Marx, K. “Konspekt knigi L’iuisa G. Morgana ’Drevnee obshchestvo.’” In Arkhiv K. Marksai F. Engel’sa, vol. 9. Moscow, 1941.
Engels, F. Proiskhozhdenie sem’i chastnoi sobstvennosti i gosudarstva. In K. Marx and F. Engels, Soch., 2nd ed., vol. 21.
Morgan, L. Drevnee obshchestvo, 2nd ed. Moscow, 1935. (Translated from English.)
Markarian, E. S. O kontsepisiilokal’nykh tsivilizatsii. Yerevan, 1962.
Artanovskii, S. N. Istoricheskoe edinstvo chelovechestva i vzaimnoe vliianie kul’tur: Filosofsko-metodologicheskii analiz sovremennykh zarubezhnykh kontseptsii. Leningrad, 1967.
Emge, K. A. Die Frage nach einem neuen Kulturbegriff. Mainz, 1963.
References in periodicals archive ?
We have only one date so far so we can say it is one of the earliest civilizations in the region, but with more dates, we will be able to verify whether it is the oldest civilization in the region," he added.
Egypt is a great country and one of the oldest civilizations in the world," Breisinger said, adding that he is "looking forward to continuing and scaling up IFPRI's longstanding collaboration with Egypt".
The show not only highlighted the archaeological sites of Harappa, but it represented the entire Harappan civilization which is also called the Indus Valley civilization that dates back to 2600 BC - the third millenium BC and is one of the oldest civilizations in the world.
As one of the world's oldest civilizations with all its magnificent ancient cultural and religious sites, Iran has the potential of being a tourist magnet," Rifai added.
UNESCO said the "armed extremists in Iraq" were targeting "cultural heritage, cultural and religious minorities, and the documents and written evidence of one of the oldest civilizations in human history.
There existed in these times the oldest civilizations like Mesopotamian (3500 B.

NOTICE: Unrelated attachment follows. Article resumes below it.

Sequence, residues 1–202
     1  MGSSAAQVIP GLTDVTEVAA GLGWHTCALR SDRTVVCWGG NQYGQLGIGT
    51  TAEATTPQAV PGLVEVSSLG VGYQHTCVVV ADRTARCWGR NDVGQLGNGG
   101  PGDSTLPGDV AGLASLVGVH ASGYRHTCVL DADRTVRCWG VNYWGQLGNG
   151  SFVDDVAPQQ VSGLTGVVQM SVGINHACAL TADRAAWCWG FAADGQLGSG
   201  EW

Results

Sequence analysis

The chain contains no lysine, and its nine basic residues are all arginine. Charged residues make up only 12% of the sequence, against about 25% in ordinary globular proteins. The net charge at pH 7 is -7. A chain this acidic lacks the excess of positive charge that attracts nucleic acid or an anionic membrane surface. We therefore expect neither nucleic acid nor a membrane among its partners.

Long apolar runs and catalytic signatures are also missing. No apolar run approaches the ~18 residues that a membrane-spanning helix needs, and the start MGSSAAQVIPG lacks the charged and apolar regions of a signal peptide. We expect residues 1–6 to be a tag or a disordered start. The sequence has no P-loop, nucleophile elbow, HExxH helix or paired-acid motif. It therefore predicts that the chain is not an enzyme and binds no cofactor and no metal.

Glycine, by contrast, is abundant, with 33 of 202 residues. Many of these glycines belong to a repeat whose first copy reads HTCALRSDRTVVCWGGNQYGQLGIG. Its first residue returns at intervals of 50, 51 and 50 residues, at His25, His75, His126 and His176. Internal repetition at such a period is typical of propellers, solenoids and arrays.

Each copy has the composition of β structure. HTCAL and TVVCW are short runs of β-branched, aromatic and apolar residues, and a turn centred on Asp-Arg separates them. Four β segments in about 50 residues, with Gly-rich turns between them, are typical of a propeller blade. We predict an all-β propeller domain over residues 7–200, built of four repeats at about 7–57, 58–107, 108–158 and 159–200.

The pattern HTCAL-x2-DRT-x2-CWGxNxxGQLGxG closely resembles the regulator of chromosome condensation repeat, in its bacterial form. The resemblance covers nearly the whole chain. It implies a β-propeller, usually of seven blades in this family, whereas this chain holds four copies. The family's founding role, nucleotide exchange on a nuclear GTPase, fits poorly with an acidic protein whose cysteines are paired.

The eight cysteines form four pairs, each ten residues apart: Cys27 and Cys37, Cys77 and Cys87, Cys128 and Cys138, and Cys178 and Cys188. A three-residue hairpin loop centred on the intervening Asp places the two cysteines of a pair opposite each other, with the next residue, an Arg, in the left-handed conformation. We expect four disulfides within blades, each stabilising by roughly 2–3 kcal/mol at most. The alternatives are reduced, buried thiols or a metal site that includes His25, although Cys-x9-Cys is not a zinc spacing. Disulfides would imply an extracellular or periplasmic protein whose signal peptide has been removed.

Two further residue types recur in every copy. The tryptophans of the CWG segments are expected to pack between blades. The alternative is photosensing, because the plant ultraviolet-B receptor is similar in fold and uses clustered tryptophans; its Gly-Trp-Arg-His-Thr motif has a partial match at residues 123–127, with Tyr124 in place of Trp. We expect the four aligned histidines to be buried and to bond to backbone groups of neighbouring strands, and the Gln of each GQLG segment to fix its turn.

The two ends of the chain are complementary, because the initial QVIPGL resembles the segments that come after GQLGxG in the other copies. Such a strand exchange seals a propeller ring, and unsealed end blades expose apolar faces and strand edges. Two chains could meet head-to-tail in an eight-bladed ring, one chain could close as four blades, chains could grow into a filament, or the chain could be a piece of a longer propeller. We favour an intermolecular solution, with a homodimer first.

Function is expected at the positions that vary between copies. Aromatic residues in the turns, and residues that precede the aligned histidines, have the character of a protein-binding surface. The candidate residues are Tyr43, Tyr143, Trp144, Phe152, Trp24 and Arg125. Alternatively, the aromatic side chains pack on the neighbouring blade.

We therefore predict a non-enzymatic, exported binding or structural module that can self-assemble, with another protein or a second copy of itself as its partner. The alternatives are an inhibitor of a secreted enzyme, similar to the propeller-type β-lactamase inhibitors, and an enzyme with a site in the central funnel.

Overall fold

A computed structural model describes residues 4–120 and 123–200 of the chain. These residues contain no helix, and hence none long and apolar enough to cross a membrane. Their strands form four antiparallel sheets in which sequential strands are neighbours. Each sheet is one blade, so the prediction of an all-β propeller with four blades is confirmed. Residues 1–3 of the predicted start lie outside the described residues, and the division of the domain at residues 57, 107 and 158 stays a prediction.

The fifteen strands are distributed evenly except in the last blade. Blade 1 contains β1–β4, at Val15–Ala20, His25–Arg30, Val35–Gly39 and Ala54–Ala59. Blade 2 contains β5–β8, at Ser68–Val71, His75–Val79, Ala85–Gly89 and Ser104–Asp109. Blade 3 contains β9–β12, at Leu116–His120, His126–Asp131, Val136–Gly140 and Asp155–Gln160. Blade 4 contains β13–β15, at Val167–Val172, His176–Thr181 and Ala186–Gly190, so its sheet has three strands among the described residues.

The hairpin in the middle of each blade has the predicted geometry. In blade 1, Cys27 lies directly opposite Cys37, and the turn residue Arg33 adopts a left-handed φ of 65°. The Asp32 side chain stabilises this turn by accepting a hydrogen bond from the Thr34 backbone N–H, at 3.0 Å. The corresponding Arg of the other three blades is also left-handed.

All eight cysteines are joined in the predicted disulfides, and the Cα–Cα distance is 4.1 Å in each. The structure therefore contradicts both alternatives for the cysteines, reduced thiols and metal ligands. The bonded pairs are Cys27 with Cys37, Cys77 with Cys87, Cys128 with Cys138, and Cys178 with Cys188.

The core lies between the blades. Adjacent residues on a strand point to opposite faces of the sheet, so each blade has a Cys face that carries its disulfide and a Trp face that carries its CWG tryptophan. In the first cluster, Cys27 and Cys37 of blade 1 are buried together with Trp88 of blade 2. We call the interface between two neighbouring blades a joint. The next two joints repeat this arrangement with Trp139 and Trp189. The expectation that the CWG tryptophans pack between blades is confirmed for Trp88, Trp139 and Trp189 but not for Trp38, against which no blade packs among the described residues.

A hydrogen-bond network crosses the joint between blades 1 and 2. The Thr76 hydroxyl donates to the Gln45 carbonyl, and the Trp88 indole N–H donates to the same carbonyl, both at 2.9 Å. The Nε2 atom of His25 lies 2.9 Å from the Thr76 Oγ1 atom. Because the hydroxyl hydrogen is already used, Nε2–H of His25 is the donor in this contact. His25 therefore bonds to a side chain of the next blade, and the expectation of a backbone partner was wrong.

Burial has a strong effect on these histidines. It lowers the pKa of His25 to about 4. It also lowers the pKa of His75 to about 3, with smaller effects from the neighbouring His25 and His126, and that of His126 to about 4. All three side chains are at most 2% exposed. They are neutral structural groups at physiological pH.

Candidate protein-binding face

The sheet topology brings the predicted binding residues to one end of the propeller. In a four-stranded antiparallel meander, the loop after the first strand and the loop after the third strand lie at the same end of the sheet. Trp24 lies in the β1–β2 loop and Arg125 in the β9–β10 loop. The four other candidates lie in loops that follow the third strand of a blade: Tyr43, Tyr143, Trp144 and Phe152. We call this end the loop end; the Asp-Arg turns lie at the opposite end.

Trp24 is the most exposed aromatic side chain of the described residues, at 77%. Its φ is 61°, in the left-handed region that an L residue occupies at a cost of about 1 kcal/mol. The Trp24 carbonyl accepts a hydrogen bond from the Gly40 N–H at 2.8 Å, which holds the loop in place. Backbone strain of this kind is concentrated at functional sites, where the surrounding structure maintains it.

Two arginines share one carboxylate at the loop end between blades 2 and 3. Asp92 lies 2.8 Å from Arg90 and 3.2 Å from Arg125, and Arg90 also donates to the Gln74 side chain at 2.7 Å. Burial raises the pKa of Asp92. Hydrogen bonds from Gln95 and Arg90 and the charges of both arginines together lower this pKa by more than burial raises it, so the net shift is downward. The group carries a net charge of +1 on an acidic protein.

The threatened resignation of Lakhdar Brahimi as UN Special Envoy shows how the international community is ready to give up and walk away as one of the world's oldest civilizations rips itself to pieces, leaving millions of people to suffer.
Turkey watches closely the developments in Yemen and it stands by the unity, security and stability of Yemen that is one of the oldest civilizations in the Middle East, he said.
Chicago's Chinatown offers a glimpse into the customs, traditions and rich culture of one of the oldest civilizations in the world.
Mind you, we Hellenes are among the oldest civilizations, having invented or perfected such bagatelles as philosophy, science, medicine, astronomy, tragedy, epic poetry, literature, the arts, classical architecture, and the greatest system of government: selective democracy based on good citizenship, knowledge, and responsibility.
Desert Silver: Nomadic and Traditional Silver Jewelry from the Middle East and North Africa" investigates the styles used throughout the southern half of the Mediterranean sea through some of Humanity's oldest civilizations.
Syria's role in history is vast as it houses the imprints of some of the world's oldest civilizations.